Knitted lace is often the red-headed stepchild of the lace world. We’re new (only a couple hundred years of history), our lace is generally pretty accessible, and as most knitters consider lace weight yarn to be ‘rather thin’, the lace is coarse by bobbin lace standards. (Don’t get your knickers in a twist, a well knit lace weight wool shawl is just stunningly ethereal and gorgeous, don’t get me wrong, but it’s not the same sort of thing at all.)
Which is how I ended up knitting two bookmarks. One is at a fairly typical knitted doily gauge (Perle 16 cotton on 1.5 mm needles) and the other is at something closer to what I might use for bobbin lace (60/2 silk on 1.0 mm needles). Knitted lace looks like a curled up pile of dental floss before you block it, see?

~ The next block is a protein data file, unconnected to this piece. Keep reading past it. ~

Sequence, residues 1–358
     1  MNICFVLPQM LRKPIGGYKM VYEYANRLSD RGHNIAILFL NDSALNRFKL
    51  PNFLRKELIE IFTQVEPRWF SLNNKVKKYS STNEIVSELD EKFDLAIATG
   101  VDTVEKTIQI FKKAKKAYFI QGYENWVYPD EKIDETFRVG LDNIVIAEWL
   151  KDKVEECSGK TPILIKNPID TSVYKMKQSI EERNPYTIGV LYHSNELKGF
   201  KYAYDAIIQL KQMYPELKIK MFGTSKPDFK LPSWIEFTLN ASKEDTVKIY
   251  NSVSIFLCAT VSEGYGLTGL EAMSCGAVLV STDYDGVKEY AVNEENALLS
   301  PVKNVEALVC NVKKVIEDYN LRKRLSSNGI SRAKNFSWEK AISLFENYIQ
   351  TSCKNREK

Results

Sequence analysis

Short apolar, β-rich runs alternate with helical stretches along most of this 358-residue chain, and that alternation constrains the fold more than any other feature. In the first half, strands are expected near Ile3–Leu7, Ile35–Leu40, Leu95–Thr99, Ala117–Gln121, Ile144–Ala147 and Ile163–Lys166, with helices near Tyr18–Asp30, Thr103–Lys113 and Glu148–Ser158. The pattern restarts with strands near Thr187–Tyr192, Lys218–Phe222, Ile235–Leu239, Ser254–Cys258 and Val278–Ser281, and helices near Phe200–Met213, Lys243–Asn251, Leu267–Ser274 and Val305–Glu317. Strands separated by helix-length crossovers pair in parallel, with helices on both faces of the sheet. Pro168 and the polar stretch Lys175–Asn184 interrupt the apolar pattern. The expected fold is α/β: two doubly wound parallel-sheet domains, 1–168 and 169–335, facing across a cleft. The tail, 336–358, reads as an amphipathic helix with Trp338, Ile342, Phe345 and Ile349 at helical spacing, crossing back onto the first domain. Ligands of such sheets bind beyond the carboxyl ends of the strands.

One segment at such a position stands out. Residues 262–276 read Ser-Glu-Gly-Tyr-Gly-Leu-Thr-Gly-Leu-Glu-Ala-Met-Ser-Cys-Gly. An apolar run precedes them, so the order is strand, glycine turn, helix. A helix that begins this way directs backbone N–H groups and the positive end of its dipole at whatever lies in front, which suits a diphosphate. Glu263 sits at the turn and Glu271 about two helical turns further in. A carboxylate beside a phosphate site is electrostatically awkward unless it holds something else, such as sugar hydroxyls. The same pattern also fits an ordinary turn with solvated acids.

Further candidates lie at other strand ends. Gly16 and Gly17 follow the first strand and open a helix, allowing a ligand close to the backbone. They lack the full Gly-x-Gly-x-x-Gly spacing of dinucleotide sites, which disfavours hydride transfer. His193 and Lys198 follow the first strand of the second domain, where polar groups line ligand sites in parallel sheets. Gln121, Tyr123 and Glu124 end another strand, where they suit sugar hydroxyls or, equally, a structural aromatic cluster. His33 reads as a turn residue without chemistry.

A quick bath and a little bit of thread bondage later, everyone looks much better.
Generally most pieces once they’ve been dried all pinned out are willing to stay. (I think they’re scared to move by that point.) Even the silk was willing to play along and stay put while they got tasselled.
Amusingly, when I went to get the foam cushion I do most of my small piece blocking on, I pulled it down from on top of the shelves in the craft room and found a doily pinned out on it. That I have no recollection of knitting, nor blocking. So hey, bonus doily!
Now I just need to get the bookmarks in the mail and get back to work on everything ELSE that has a deadline. It was a lovely little diversion though.